Mourn! Never Forget! Never Give In!



Carrying the box with the remains of Wasim's family to the ferry.

Carrying the box with the remains of Wasim’s family to the ferry.


Today, in Athens, Wasim Abo Nahi will bury what remains of his wife Lamees, his baby daughter Layan and his infant son Uday who were killed on Samos island (Greece) in July 2013.

He has waited 10 months for the Greek state to release these remains. 10 months of torture for Wasim.

A family was wiped out because they did not have the right papers. Palestinian refugees in Syria are able to get passports but they are worthless. The pages say that Wasim is able to travel anywhere in the world. It asks he be helped and assisted when in need. It is all lies. It is a passport to hell.

Lamees, Layan and Uday we mourn and remember today. They join millions of others who have been killed by a system which has no humanity for the overwhelming majority of the people of the world. Most of these millions are buried with no names on their graves. For the system you counted for nothing but for us, we will never forget you.

As we cry with Wasim today let us listen to the wisdom of the Zapatista’s:

“What do we say to [Lamees, Layan and Uday] who, in whatever corner of the world below, are buried in oblivion?
That only our pain and rage count?
That only our outrage means anything?
That as we murmur our history, we don’t hear their cry, their scream?
Injustice has so many names, and provokes so many screams.
But our pain and our rage do not keep us from hearing them.
And our murmurs are not only to lament the unjust fall of our own dead.
They allow us to hear other pains, to make other rages ours, and to continue in the long, complicated, tortuous path of making all of this into a battle cry that is transformed into a freedom struggle.
And to not forget that while someone murmurs, someone else screams.
And only the attentive ear can hear it.
While we are talking and listening right now, someone screams in pain, in rage.
And so it is as if one must learn to direct their gaze; what one hears must find a fertile path.
Because while someone rests, someone else continues the uphill climb.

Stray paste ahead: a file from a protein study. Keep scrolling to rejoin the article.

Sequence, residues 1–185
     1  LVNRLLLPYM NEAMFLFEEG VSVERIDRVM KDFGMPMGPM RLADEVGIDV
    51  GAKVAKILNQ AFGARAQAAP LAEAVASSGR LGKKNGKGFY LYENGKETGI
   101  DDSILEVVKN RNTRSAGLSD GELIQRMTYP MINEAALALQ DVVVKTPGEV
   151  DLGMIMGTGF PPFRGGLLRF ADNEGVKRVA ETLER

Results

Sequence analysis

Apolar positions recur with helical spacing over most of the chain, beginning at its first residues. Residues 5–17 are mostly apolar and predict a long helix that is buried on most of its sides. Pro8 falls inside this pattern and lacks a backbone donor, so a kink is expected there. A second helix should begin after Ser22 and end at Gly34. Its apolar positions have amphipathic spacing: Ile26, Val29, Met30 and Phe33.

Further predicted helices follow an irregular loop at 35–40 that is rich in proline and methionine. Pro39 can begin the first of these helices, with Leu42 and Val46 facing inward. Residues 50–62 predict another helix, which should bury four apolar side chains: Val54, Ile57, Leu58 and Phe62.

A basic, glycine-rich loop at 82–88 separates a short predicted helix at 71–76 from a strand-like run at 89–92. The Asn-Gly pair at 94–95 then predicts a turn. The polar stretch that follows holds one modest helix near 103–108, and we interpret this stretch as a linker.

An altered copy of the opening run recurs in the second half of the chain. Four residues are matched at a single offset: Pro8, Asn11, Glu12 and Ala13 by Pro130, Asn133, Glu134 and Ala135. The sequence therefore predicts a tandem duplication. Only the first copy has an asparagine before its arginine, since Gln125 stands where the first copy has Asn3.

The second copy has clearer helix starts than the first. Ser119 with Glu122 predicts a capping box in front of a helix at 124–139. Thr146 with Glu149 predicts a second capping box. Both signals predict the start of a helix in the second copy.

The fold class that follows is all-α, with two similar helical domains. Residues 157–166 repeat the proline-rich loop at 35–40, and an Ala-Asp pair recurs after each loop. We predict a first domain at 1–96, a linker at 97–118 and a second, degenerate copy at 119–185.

In order to see this effort, it is enough to lower one’s gaze and lift one’s heart.
Can you?
Will you be able to?”

May 30th 2014


3 responses »

    • A good question with no easy answer.

      However, what we can say is that when we were in Athens meeting and talking with refugees we were taken aback by how little contact there was between the refugee communities and groups/organisations/ concerned individuals etc. It would be great to see more contact and inter-action where people like yourself simply went out to meet refugees, talk with them, have a coffee and listen to their stories and who knows where that will lead to….
      The refugee centre – steki – in exarcheia is a wonderful place with a bar etc and would be one place where you can guarantee a welcome and be able to meet and talk with refugees.

      • Thank you for the suggestion… I think many of us here in Athens see what is happening, but feel totally helpless (especially if we are foreigners ourselves – but lucky enough to be from the “good” countries). We talk to our children, to our friends, … but we do nothing. The only refugees I see are those at traffic lights and outside supermarkets – but the lack of a common language means that we smile and wave at each other – but never know the whole story!
        I have never been to exharchiea… but maybe its time to discover new parts of Athens!

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